Polarized sunglasses are designed to reduce glare which can help on long days by the beach with the sun reflecting off of the water, or for situations like fishing where polarization allows you to see directly through the water’s surface to see your quarry swimming below. But is polarization right for every situation?

In certain environments it can actually be helpful to see glare, it allows you to see an oil slick on the road, or an icy patch on the ski run ahead. We’ll go through activity by activity and let you know if polarization will be helpful, or if you should stick with ChromaPop for increased contrast.

What Is Lens Polarization?

Whether you’re scanning the river at dawn or battling unchecked afternoon sun in open water, polarized lenses cut surface glare and increase contrast to make the details pop, so you can fish longer without eye fatigue. Featuring a durable-surface treatment that filters out and blocks certain light waves, polarized sunglasses work for fishing because they let you see below the waterline.

What Is The Difference Between Polarization And ChromaPop™?

An advanced lens option, ChromaPop™ filters crossover light wavelengths that cause color confusion while polarized lenses have a special filter that blocks horizontal light waves while allowing vertical light waves to pass through, reducing the amount of glare that reflects off surfaces. In short, polarization reduces glare and improves clarity, while ChromaPop enhances color and contrast. Both technologies can be useful in different situations, and some of our sunglasses even incorporate both technologies into a single lens.

Polarization For Fishing   ✅

When it comes to fishing polarization is essential. Whether you’re scanning the river at dawn or battling unchecked afternoon sun in open water, polarized lenses cut surface glare and increase contrast to make the details pop, so you can fish longer without eye fatigue. Polarized sunglasses work for fishing because they let you see below the waterline. Get lenses with both Polarization and ChromaPop for the crispest view of what’s going on under the surface.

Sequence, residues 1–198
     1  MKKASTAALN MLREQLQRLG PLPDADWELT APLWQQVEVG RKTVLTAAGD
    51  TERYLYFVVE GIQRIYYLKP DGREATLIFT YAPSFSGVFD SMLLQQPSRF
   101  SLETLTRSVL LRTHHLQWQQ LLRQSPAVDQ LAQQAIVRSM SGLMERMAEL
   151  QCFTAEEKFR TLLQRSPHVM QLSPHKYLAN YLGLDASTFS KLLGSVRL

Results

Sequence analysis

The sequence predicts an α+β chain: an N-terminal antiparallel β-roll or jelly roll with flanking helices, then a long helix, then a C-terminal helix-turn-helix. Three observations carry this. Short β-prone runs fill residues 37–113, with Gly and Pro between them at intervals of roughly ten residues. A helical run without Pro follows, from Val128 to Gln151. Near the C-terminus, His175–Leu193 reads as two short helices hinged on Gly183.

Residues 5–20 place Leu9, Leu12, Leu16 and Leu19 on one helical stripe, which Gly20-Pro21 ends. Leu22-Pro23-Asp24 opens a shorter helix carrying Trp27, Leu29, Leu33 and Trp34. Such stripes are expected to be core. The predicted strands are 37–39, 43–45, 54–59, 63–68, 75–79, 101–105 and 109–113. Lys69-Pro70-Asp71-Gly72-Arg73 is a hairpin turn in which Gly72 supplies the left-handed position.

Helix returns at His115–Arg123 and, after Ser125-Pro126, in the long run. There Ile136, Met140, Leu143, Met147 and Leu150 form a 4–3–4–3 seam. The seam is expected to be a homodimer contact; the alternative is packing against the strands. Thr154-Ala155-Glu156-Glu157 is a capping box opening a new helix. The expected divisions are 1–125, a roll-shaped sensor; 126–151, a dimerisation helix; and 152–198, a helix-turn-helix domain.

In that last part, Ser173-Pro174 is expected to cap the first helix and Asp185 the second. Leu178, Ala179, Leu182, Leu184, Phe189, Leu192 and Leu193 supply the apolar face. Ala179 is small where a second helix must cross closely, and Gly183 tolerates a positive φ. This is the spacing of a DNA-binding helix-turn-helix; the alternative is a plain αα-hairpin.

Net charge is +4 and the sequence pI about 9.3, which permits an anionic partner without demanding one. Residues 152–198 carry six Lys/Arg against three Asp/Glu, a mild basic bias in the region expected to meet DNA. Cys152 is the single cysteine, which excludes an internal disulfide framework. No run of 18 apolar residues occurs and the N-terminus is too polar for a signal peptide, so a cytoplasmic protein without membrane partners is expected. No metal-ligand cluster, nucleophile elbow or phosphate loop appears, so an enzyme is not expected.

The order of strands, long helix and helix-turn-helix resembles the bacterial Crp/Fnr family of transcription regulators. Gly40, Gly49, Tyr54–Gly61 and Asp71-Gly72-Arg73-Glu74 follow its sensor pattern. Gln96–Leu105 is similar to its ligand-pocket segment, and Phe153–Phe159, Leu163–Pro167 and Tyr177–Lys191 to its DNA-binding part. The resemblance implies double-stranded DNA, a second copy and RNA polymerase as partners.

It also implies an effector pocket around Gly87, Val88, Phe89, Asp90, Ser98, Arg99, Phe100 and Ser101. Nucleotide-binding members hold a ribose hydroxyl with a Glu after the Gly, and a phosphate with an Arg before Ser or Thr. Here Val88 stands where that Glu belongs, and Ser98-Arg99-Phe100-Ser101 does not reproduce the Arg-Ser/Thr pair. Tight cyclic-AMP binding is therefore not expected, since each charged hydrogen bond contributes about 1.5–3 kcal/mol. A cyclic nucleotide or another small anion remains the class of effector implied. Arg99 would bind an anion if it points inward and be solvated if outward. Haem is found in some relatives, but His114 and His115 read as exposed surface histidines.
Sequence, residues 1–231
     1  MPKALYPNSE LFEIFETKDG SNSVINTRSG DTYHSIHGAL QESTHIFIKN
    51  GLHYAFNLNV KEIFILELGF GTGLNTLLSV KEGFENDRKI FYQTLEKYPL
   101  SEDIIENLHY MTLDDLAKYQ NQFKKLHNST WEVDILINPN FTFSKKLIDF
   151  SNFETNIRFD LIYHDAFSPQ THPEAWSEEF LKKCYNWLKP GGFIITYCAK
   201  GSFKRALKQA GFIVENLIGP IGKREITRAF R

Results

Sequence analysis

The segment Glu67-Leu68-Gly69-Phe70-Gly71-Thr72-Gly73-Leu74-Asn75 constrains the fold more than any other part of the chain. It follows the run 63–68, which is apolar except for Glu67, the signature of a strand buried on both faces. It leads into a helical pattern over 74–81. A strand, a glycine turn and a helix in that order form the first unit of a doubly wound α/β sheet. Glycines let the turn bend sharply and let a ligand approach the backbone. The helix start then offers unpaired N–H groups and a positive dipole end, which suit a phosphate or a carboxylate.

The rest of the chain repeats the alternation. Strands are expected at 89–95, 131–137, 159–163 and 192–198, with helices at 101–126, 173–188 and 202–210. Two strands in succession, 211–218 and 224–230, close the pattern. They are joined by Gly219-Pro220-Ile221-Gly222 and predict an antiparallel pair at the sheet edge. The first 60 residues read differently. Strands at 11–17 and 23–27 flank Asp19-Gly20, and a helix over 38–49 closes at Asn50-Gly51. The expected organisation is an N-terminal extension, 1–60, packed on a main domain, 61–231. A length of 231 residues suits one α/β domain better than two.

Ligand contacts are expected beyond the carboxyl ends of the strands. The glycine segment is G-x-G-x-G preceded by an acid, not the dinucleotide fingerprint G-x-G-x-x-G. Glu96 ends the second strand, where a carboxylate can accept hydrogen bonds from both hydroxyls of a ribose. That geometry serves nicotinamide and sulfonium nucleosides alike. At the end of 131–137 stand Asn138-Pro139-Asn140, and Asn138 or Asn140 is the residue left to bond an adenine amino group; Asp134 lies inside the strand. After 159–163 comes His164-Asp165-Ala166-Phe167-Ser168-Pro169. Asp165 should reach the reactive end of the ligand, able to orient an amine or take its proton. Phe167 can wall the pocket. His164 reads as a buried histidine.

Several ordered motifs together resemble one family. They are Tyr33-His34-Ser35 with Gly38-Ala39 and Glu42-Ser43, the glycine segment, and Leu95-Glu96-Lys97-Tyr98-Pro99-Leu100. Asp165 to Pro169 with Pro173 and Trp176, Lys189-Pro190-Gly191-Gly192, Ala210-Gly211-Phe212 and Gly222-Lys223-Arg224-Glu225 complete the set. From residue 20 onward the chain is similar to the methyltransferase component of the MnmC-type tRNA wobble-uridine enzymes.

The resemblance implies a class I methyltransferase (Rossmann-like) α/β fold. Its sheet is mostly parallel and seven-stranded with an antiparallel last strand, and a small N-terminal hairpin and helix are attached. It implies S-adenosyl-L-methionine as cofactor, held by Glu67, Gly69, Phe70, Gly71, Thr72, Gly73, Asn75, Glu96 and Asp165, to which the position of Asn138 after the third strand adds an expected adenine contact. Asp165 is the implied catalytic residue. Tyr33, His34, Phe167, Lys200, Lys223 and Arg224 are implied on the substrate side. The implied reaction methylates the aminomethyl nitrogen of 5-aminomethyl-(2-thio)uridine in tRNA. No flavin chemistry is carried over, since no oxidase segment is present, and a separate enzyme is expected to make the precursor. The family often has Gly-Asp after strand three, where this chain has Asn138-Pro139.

Polarization For Skiing And Snowboarding   ❌

When it comes to goggles and sunglasses for skiing and snowboarding we recommend skipping the polarization. Since polarization cuts glare, that can mean that the reflection off of the icy patch on your run isn’t as visible. For snow sports where you need enhanced contrast and visibility, we recommend our ChromaPop lenses.

Polarization For Biking  🤔

Whether you use polarized lenses when you’re on your bike is really a matter of preference. If you’re on the road it can help with glare coming off of the surfaces of cars, but it can also make it harder to spot slick spots on the road or to read any digital displays you might be using on your bike.

Whether you’re grinding out the gravel miles, racing crits, or tackling dark, wooded singletrack, you need to be ready for every possible light condition on the bike. That’s why our favorite cycling sunglasses feature ChromaPop™ technology and come in a variety of different lens colors. Smith ChromaPop™ lenses boost contrast and make colors pop for the best possible read on the terrain no matter the lighting.

May 11, 2023 — Thomas Edgar